1 2 Peter 2:1-3 - "But there were also false prophets among the people, just as there will be false teachers among you. They will secretly introduce destructive heresies, even denying the sovereign Lord who bought them—bringing swift destruction on themselves. Many will follow their depraved conduct and will bring the way of truth into disrepute." 2 Jude 1:4 - "For certain individuals whose condemnation was written about long ago have secretly slipped in among you. They are ungodly people, who pervert the grace of our God into a license for immorality and deny Jesus Christ our only Sovereign and Lord." 3 Matthew 7:15 - "Beware of false prophets, who come to you in sheep’s clothing but inwardly are voracious wolves." 4 Colossians 2:8 - "See to it that no one takes you captive through hollow and deceptive philosophy, which depends on human tradition and the basic principles of this world rather than on Christ." 5 Galatians 1:6-9 - "I am astonished that you are so quickly deserting the one who called you to live in the grace of Christ and are turning to a different gospel— which is really no gospel at all. Evidently some people are throwing you into confusion and are trying to pervert the gospel of Christ. But even if we or an angel from heaven should preach a gospel other than the one we preached to you, let them be under God’s curse!"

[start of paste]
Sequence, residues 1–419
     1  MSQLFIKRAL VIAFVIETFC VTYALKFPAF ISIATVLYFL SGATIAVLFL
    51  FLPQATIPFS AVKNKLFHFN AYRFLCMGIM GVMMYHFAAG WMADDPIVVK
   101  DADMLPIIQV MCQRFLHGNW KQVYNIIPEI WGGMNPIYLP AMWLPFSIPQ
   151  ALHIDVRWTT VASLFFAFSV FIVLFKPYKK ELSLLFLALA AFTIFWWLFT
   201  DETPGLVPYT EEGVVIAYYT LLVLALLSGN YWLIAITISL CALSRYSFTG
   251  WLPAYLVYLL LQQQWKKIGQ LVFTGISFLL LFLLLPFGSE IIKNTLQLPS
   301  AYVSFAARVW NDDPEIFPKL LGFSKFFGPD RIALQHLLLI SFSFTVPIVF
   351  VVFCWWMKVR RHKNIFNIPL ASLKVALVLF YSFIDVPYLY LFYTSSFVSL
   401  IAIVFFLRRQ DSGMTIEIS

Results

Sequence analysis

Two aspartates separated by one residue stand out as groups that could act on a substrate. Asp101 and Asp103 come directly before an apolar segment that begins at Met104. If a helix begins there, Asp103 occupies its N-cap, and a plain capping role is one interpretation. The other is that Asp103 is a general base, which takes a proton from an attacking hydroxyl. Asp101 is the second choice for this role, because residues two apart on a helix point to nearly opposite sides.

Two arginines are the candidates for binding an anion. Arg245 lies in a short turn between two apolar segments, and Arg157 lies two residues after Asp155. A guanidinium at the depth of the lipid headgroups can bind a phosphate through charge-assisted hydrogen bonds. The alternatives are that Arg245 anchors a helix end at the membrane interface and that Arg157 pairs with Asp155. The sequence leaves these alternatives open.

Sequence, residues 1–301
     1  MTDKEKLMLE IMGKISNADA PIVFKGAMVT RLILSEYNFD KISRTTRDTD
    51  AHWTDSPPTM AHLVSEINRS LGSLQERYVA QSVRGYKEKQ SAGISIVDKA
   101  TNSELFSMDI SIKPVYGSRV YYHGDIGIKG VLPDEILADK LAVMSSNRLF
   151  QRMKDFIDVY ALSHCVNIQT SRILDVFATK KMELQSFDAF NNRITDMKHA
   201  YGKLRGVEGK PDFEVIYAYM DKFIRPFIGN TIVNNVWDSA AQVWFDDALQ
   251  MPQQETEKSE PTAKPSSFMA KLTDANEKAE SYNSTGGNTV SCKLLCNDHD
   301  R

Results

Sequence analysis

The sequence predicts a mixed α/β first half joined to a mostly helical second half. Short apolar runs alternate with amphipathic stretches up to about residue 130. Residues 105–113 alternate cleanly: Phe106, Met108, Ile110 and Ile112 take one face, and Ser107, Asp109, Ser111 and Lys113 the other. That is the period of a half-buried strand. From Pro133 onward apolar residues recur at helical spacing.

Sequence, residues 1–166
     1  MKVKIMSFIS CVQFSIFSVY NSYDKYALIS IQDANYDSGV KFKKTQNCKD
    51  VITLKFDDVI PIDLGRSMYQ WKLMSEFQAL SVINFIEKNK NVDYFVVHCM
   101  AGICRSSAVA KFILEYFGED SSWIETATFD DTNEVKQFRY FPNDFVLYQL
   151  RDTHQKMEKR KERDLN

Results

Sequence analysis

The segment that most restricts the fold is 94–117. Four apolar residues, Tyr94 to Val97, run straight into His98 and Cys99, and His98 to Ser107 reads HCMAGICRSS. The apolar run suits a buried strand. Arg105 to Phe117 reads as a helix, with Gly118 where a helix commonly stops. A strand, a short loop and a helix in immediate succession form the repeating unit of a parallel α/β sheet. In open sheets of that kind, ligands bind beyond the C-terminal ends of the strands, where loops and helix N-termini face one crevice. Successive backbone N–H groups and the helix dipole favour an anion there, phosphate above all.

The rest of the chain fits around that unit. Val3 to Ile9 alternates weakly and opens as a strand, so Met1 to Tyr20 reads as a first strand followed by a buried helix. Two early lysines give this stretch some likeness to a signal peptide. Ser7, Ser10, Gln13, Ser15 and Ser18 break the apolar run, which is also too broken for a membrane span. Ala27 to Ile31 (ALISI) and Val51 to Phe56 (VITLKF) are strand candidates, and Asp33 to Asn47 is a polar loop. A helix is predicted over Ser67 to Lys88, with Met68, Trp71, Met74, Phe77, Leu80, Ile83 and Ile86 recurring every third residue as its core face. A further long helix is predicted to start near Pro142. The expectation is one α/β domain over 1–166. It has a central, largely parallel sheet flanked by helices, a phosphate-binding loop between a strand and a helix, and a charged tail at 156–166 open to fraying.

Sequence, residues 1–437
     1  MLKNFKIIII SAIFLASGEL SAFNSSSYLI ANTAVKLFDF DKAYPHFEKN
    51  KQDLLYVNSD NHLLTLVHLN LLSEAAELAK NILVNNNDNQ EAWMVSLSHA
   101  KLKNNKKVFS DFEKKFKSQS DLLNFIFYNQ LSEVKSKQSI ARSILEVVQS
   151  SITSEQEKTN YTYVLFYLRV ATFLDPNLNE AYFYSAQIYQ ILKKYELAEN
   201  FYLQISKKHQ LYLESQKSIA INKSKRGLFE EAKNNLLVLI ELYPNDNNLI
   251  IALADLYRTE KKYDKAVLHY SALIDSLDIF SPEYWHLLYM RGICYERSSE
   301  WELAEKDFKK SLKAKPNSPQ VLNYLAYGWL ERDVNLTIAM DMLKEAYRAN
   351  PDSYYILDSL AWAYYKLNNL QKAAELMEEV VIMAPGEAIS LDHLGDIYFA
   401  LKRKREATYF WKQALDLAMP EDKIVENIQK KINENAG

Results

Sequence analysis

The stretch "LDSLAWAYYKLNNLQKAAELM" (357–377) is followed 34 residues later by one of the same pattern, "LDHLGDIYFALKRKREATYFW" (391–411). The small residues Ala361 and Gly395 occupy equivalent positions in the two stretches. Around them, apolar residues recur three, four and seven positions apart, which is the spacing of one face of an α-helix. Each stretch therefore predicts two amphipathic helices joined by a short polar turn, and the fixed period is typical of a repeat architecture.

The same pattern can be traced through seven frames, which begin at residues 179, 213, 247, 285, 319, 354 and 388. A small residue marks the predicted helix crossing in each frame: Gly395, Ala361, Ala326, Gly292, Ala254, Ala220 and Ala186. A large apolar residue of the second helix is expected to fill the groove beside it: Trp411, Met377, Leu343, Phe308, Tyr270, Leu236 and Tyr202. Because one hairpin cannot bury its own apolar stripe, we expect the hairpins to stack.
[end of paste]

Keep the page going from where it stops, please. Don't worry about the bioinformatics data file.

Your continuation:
These passages, along with many others, guide us and help us guard against false teachers and false doctrine and encourage us to be diligent in testing all teachings against the teachings of Jesus and the apostles.
They also emphasize the importance of holding fast to the truth of the gospel and avoiding any teaching that is contrary to it, no matter how appealing or convenient it may seem.
Jesus warns in his disciples (and us) that it is a ploy of Satan to twist truth:
“When he lies, it is consistent with his character; for he is a liar and the father of lies.” John 8:44 NLT
So let us guard our hearts and minds against these perversions of the gospel and, in love, guide our fellow believers into truth.
Blessings on you and yours, Jim Black